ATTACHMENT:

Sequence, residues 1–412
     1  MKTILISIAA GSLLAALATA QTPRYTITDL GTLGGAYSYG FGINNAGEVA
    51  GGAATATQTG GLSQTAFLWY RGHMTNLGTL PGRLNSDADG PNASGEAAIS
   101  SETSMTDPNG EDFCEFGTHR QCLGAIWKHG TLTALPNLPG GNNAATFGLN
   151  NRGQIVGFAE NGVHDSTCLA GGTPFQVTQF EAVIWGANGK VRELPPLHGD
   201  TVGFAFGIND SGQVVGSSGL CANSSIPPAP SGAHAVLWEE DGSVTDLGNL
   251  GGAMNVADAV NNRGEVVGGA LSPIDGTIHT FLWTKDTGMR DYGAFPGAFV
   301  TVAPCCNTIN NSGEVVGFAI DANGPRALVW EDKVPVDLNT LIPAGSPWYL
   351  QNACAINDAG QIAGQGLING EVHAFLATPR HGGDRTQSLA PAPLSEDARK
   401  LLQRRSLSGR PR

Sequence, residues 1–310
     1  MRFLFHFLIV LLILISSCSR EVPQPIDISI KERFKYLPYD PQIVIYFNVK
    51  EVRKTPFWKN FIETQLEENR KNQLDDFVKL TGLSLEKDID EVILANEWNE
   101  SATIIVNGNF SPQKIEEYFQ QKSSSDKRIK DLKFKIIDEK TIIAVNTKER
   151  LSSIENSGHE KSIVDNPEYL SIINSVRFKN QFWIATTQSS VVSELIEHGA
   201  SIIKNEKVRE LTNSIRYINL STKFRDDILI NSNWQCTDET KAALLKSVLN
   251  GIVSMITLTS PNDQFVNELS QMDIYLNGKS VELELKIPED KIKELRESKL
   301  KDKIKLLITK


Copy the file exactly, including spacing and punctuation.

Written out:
Sequence, residues 1–412
     1  MKTILISIAA GSLLAALATA QTPRYTITDL GTLGGAYSYG FGINNAGEVA
    51  GGAATATQTG GLSQTAFLWY RGHMTNLGTL PGRLNSDADG PNASGEAAIS
   101  SETSMTDPNG EDFCEFGTHR QCLGAIWKHG TLTALPNLPG GNNAATFGLN
   151  NRGQIVGFAE NGVHDSTCLA GGTPFQVTQF EAVIWGANGK VRELPPLHGD
   201  TVGFAFGIND SGQVVGSSGL CANSSIPPAP SGAHAVLWEE DGSVTDLGNL
   251  GGAMNVADAV NNRGEVVGGA LSPIDGTIHT FLWTKDTGMR DYGAFPGAFV
   301  TVAPCCNTIN NSGEVVGFAI DANGPRALVW EDKVPVDLNT LIPAGSPWYL
   351  QNACAINDAG QIAGQGLING EVHAFLATPR HGGDRTQSLA PAPLSEDARK
   401  LLQRRSLSGR PR

Sequence, residues 1–310
     1  MRFLFHFLIV LLILISSCSR EVPQPIDISI KERFKYLPYD PQIVIYFNVK
    51  EVRKTPFWKN FIETQLEENR KNQLDDFVKL TGLSLEKDID EVILANEWNE
   101  SATIIVNGNF SPQKIEEYFQ QKSSSDKRIK DLKFKIIDEK TIIAVNTKER
   151  LSSIENSGHE KSIVDNPEYL SIINSVRFKN QFWIATTQSS VVSELIEHGA
   201  SIIKNEKVRE LTNSIRYINL STKFRDDILI NSNWQCTDET KAALLKSVLN
   251  GIVSMITLTS PNDQFVNELS QMDIYLNGKS VELELKIPED KIKELRESKL
   301  KDKIKLLITK